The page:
When I was in India, as Director at The Shri Ram Schools we had the luxury of always knowing that demand for seats massively exceeded demand. As a result, processes were geared around selecting those children where there was the best ideological fit between the parents’ desires and the school’s vision. This even remained the case when constructing to increase capacity. So, there was next to nothing spent on marketing and admissions work was handled largely as an administrative task by academic secretaries. The schools even went as far as to place ‘security’ as priority over parent openness so no open days, guided tours or opportunity for parents to see the schools at work. My experience was that parents were so fixed on getting seats in the school that they accepted this, even though they didn’t like it and found it arrogant! Here in Malaysia we’ve seen some of the earliest International Schools who have started to hold open days and to pay more attention to admissions in the last two-three years as they’ve realised they can no longer rely on passive response to demand to retain full enrollment.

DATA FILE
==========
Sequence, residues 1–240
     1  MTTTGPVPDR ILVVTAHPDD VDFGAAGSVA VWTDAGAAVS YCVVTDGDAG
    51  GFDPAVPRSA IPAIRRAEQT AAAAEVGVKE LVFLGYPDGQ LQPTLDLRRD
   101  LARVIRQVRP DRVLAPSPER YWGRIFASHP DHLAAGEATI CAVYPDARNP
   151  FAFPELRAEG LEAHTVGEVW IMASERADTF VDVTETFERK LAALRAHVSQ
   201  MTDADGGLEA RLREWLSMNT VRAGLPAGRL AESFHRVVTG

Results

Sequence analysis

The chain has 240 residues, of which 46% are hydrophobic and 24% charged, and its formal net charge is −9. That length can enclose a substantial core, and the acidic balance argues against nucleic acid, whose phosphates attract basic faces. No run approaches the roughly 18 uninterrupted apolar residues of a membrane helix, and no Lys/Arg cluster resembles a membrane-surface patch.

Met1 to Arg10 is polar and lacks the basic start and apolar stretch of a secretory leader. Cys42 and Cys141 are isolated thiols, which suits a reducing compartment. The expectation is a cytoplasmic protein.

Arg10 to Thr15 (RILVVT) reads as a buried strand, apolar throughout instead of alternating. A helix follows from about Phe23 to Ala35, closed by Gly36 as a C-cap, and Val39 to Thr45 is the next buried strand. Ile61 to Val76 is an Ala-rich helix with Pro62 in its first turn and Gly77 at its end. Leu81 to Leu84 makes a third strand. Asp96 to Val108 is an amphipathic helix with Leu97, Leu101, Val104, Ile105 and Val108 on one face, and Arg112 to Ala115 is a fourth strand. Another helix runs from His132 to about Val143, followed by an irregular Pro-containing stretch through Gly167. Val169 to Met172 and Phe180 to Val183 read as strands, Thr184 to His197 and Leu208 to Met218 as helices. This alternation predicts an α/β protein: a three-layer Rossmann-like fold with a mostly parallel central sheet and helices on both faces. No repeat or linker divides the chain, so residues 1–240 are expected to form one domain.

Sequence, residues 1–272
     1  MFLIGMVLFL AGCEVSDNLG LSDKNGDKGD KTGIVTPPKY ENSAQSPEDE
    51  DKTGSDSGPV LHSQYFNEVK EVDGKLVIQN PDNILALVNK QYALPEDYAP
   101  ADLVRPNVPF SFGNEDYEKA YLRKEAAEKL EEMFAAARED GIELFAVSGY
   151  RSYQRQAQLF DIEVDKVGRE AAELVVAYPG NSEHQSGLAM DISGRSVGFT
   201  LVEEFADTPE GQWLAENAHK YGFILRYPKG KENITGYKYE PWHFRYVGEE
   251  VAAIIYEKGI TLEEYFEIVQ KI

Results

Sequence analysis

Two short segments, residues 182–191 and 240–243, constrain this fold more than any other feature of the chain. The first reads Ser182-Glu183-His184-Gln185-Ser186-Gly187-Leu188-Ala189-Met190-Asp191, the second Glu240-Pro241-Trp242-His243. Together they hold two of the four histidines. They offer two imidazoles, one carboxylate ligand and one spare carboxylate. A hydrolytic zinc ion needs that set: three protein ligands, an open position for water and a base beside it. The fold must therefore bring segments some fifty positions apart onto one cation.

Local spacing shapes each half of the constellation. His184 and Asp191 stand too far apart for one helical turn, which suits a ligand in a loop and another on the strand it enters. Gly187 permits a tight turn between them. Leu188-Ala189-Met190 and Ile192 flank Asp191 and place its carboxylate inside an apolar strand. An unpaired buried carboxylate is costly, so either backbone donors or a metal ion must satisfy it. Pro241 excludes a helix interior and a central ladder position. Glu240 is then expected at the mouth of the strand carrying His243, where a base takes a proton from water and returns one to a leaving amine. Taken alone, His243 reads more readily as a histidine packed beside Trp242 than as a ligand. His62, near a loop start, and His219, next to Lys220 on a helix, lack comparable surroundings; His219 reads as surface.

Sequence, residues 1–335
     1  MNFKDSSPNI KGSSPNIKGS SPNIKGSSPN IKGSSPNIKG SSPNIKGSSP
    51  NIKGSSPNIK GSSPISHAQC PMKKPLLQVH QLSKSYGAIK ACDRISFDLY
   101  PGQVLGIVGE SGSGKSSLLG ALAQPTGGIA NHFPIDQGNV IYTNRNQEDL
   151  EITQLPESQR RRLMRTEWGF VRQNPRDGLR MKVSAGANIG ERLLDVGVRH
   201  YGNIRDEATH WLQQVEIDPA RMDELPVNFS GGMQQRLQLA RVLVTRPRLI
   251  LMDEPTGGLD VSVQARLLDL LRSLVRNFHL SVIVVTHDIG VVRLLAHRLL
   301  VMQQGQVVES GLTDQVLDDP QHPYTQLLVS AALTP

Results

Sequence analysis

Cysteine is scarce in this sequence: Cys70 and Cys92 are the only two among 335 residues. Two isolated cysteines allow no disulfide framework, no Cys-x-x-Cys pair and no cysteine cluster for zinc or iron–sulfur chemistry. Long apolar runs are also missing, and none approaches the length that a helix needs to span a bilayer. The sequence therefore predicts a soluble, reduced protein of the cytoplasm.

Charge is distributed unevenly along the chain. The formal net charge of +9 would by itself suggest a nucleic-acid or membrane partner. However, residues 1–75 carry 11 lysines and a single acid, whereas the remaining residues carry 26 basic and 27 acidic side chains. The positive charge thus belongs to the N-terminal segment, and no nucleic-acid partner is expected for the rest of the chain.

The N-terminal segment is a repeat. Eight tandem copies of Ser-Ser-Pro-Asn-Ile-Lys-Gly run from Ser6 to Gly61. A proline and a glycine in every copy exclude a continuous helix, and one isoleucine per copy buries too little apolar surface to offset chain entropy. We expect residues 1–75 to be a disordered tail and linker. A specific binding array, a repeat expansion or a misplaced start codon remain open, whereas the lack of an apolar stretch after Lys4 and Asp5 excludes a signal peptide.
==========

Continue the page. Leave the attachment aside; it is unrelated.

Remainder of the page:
When involved in setting up new schools, in India and UAE there was obviously a far greater emphasis on marketing and more importance placed on admissions. However, there were a few things that became clear, even as most new schools were achieving their admissions goals;